Diamond Craters is a geologically youthful lava field 52 road miles south-southeast of Burns in southeastern Oregon. The lava field, which encompasses 27 square miles, comprises chiefly pahoehoe (PAH-hōey-hōey), the smooth, ropy-topped lava best known from Hawaiian flows (the other common lava type, rough 'a'a full of clinkers, is sparse). …
Jordan Craters is an otherworldly place, beautiful and foreboding, an outdoor museum of recent basalt volcanism amid sagebrush steppe rangeland. Located about eighteen miles northwest of the town of Jordan Valley, Jordan Craters is near the geographic boundary between the southeastern High Lava Plains and the western Owyhee Uplands portions of Oregon’s High Desert. It is one of five basalt lava fields east of the Cascade Range in Oregon younger than 18,000 years in age.
Together with pristine basalt volcanic features, this seemingly unforgiving terrain supports localized habitats that are rich in fauna, earning it a designation as a Bureau of Land Management Research Natural Area, an Area of Critical Environmental Concern, and a Wilderness Study Area. Jordan Craters has long been known to Native peoples, local ranchers, hardy travelers, scientists, photographers, and members of nearby communities such as Jordan Valley, the town after which the volcanic area is named, and Danner, the final resting place of Jean Baptiste Charbonneau.
Israel C. Russell first described the geology of the area in 1903 and applied the name Jordan Craters to four approximately north-south aligned “recently extinct volcanoes.” Over time, the name has narrowed to refer only to the northernmost and youngest of the volcanoes and its products. In this context, Jordan Craters encompasses an area of about 26 square miles dominated by a lava field that is an estimated 0.2-0.4 cubic miles in volume. The basalt lava field is sourced from Coffeepot Crater, nestled in the northwestern corner of the field (labeled Crater No. 4 in Russell’s report and Morcom Crater, after a nearby ranch, in early descriptions).
The Coffeepot Crater volcano was born when mildly explosive eruptions constructed a cone from overlapping lobes of dense and fragmental ejecta (the material thrown out from a volcano). Rising magma occupied the volcano’s conduit, creating a lava pond, and leaked out along a 0.7-mile linear subsurface crack (fissure) extending southwest from the main crater. Within 0.2 miles of the main crater, chimneylike structures up to 20-25 feet tall (spatter/driblet cones) formed atop this fissure as pasty blobs of magma were ejected and fell to the ground.
Fluid basalt outflow from Coffeepot Crater was fed by lava pond spillover and an extensive tube system that infilled topographic lows to build a prominent smooth to hummocky to ropy surfaced (pahoehoe) flow field that extended up to 10 miles from the crater. Sections of the original crater wall were rafted away by lava from the pond, which was later infilled by thin pahoehoe sheets as the pond was reestablished. Backflow of the lava pond into the conduit marked the final activity at Coffeepot Crater, leaving behind pahoehoe crust on the crater floor and vertical striations carved into the inner crater walls. Jordan Craters is a small but outstanding illustration of the processes, materials, features, and landscape exemplified by Kīlauea in Hawai’i.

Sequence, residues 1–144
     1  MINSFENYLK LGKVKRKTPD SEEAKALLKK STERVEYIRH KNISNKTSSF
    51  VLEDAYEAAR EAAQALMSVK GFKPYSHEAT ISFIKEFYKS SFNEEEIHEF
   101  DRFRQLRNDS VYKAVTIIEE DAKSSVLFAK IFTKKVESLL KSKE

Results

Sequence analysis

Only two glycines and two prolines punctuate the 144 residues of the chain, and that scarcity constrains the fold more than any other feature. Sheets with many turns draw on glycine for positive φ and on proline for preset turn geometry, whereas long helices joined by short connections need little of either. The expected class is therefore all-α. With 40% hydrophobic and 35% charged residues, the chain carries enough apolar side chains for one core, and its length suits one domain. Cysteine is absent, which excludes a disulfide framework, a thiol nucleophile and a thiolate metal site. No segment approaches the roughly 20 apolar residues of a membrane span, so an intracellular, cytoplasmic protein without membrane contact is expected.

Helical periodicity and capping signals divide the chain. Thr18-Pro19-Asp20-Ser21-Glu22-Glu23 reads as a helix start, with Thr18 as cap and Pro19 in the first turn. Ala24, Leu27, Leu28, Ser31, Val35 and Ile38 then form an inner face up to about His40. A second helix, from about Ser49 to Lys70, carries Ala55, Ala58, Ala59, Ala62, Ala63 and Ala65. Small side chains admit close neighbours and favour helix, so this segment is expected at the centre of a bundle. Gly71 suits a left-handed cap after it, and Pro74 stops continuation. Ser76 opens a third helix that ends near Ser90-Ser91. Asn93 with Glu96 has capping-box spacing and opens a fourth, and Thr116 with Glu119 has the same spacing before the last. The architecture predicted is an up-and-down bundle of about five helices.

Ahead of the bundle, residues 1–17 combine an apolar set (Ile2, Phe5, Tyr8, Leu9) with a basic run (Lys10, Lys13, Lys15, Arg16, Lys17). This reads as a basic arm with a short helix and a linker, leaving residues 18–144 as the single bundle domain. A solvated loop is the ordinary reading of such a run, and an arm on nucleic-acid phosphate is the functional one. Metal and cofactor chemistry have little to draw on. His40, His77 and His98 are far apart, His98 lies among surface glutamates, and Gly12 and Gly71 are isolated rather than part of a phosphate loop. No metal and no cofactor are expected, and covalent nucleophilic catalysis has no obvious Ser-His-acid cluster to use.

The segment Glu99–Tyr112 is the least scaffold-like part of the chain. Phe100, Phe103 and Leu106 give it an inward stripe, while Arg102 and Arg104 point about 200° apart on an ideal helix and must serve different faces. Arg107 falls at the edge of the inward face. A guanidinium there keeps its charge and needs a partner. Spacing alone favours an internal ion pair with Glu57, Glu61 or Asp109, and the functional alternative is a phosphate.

The excellent preservation of primary eruptive and flow features and a nearly total lack of soil and vegetation development suggest that Jordan Craters is younger than the most recent eruptions at nearby Diamond Craters, where eruptions were recently assigned an age range of 7,320 to 7,780 years ago. A single radiocarbon age for charred wood found at the base of a sediment core from Upper Cow Lake suggests that lava that flowed southeasterly, occupying and ultimately damming the ancestral Cow Creek drainage to form the Cow Lakes, may have been emplaced less than 3,200 years ago.
Considering this general chronology and archaeological evidence from throughout the Owyhee Uplands, it is fair to suggest that early Native inhabitants may have witnessed the main Jordan Craters eruptions. One particular petroglyph site, which stands guard over a portion of the Jordan Craters lava flow field, presumably overlooked important hunting and gathering grounds in ancient wetlands prior to basalt emplacement. More recent Bannock–Northern Paiute peoples may have witnessed a spurt of activity from Jordan Craters within the last few hundred years, based on accounts passed on to EuroAmerican explorers and settlers in the 1800s about fire and smoke coming out of the ground. Additionally, the lack of lichen colonization in an 18-acre area within the main basalt flow field may indicate that minor eruptive activity occurred on the order of a century ago. Even with this possible historic activity, Jordan Craters has been assessed to pose a very low threat, ranking 148 out of 161 U.S. volcanoes classified.
BLM brochure, www.blm.gov/or/resources/recreation/files/brochures/Jordan%20Crater.pdf
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This entry was last updated on Aug. 23, 2019